Last year I took a class to determine my Enneagram number. I’m an old hand at Myers-Briggs, with its 16 types, but this nine-number circle with all sorts of arrows going back and forth was a new system for me. Thankfully the teacher, Suzanne Stabile, had a teaching style I understood well. It turns out we are the same type.
Some of us reside in the heart (or feeling) triad, as Suzanne and I do, and some in the head (or thinking) triad. My guess is Thomas would belong in the third triad.
For several years I was an associate pastor on the staff of a large congregation. I often found myself preaching on the Sunday following Easter, a Sunday that's sometimes called "low Sunday." In the rhythm of life among God's people, low Sunday is the calm after the storm.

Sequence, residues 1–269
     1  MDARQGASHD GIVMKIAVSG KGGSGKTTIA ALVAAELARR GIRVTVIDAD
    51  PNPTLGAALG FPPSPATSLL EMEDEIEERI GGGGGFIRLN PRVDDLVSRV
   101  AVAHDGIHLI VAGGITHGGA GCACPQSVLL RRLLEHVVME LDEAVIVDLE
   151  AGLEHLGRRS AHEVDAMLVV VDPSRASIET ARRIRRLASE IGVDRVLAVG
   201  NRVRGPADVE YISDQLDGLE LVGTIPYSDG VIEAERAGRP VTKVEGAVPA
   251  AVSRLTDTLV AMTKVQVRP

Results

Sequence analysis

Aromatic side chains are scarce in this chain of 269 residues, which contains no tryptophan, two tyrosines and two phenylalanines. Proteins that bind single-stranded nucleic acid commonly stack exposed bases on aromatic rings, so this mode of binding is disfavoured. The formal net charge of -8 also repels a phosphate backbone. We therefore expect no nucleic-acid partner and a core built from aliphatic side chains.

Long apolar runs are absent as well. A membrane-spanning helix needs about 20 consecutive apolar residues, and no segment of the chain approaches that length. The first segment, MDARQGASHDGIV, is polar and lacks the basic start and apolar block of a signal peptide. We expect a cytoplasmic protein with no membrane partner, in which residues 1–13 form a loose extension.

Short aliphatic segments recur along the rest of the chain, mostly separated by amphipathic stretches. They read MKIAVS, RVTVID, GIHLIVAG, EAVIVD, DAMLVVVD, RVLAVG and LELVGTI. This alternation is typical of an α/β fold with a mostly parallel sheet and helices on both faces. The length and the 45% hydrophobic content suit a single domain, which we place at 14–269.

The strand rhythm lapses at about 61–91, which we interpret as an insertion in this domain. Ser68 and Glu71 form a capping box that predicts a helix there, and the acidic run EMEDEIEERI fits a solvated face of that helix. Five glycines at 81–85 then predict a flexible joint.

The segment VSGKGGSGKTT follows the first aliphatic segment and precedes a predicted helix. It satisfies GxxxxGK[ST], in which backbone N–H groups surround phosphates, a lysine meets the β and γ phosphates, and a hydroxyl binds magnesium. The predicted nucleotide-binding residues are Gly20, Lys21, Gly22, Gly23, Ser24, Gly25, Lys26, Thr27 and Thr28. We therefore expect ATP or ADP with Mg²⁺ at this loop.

Thomas used to shock me. I agreed with John Calvin that “the stupidity of Thomas was astonishing and monstrous . . . he was not only obstinate, but also proud and contemptuous in his treatment of Christ.” To be called a Doubting Thomas would have been a soul-shaking insult to my faith.
So where was Thomas anyway that first Easter evening? In my childhood Sunday school classes, Thomas was a “bad guy.” When the other ten disciples told him that Jesus was alive after his crucifixion, Thomas refused to believe it. He separated himself from the others and demanded to see Christ for himself.